Proposals for Change in Chapter 11 Affecting Secured Lenders

Chapter 11The American Bankruptcy Institute (ABI) formed a Commission to Study the Reform of Chapter 11 which has submitted a report containing a number of proposals for changes in Chapter 11 bankruptcies. The Commission’s aim was to reduce barriers to the entry of a Chapter 11 filing, facilitate more certainty of resolutions and timeliness of disputes, enhance exit strategies for debtors and resolve uncertainty between court circuits.

A number of the proposed changes will directly affect secured creditors. The Report is very extensive and consists of approximately 400 pages. Some of the highlights are:

Changes in Debtor in Possession (DIP) Financing

For many years the only real source of DIP financing was the existing lender. In exchange for granting the debtor new funds, the existing lender made demands on the debtor pertaining to its pre-petition financing. These included provisions for the “roll-up” of the existing debt into the post-petition facility and granting priorities to the lender. The Report recommends severe limitations on roll-ups. The Report recommends only allowing roll-ups to the extent that financings are provided by new lenders, where the new financing repays the pre-petition facility in cash while providing substantial new credit to the debtor or provides for financing on better terms.

Changes to Adequate Protection

Currently, a debtor may only use cash and other collateral by providing the secured creditor protection from diminution in value of the collateral. Such adequate protection can take the form of periodic cash payments or replacement liens. The debtor’s failure to provide adequate protection is grounds for the secured creditor to obtain relief from the automatic stay. The Report proposes significant changes to these concepts. Currently, courts can consider between liquidation, going concern or market value methods in assessing the adequacy of adequate protection. The Report recommends replacing these methods with “foreclosure value,” which happens to be the least common method of valuation currently in use. Foreclosure value is the net value that a secured creditor could realize upon a hypothetical, commercially reasonable foreclosure sale of its collateral under non-bankruptcy law as of the date of the request for adequate protection.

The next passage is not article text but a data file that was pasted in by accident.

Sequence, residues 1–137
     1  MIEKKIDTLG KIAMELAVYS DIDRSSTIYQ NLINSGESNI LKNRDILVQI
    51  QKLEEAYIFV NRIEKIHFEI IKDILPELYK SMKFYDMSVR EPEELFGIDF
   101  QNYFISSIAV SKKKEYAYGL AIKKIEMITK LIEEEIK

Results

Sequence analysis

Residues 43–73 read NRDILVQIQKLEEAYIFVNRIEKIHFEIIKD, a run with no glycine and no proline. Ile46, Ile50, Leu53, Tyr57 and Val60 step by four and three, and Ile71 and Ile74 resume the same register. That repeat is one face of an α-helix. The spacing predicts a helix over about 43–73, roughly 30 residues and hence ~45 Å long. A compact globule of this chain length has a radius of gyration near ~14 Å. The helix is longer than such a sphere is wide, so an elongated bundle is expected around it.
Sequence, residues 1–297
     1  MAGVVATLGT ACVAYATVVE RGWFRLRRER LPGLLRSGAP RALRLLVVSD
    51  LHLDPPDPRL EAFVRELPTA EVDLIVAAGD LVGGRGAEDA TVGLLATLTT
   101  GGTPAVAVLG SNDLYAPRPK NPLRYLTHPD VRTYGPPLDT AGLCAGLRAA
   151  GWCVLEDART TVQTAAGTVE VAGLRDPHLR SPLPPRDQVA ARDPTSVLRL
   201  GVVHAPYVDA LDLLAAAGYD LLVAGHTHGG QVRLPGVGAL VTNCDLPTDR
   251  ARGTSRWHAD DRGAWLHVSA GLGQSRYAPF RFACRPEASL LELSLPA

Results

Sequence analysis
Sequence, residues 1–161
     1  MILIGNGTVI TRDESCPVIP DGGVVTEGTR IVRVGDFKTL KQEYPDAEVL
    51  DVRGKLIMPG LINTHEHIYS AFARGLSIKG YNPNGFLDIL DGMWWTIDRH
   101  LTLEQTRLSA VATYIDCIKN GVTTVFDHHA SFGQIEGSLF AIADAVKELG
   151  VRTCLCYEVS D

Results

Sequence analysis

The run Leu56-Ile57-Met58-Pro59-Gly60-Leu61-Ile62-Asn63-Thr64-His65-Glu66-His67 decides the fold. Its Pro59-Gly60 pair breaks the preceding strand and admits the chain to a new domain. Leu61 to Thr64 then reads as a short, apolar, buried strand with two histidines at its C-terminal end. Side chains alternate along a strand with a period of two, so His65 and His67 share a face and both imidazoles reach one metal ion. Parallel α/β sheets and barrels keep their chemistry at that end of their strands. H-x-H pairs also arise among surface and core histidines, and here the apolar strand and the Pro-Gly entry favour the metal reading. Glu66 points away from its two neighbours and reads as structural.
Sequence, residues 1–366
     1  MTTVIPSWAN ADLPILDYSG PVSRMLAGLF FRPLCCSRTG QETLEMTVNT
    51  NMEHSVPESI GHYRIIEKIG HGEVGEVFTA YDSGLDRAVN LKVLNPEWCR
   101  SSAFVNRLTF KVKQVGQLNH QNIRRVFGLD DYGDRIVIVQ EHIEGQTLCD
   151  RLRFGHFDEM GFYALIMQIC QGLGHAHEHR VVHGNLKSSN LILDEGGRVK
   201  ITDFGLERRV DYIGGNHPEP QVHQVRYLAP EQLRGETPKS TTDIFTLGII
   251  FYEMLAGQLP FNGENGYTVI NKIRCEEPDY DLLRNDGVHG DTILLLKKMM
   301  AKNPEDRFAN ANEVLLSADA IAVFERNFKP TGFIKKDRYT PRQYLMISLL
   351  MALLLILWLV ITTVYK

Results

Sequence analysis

Changes to Absolute Priority Rule

Under the proposal equity holders will be allowed to participate in Chapter 11 plans even if creditors are not being paid in full. While the changes are too extensive for discussion in this article, they contain, in part, new concepts of “reorganization value” and “redemption option value.” The proposed changes would affect most Chapter 11 cases but most directly single asset realty cases.

60 Day Breathing Space Prior to Going Concern Sales

A change is also proposed in so called “363 sales” or a sale of all or substantially all of the assets of the debtor. These are a common proposal under current practice. The report includes a prohibition of such sales during the first 60 days after the filing of the petition.

There are many other changes to practices and laws contained in the Report. Creditors should become familiar with the proposals as some are certainly likely to be adopted. The full report can be found here.

This document is intended for informational purposes only and is not legal advice or a substitute for consultation with a licensed legal professional in a particular case or circumstance.

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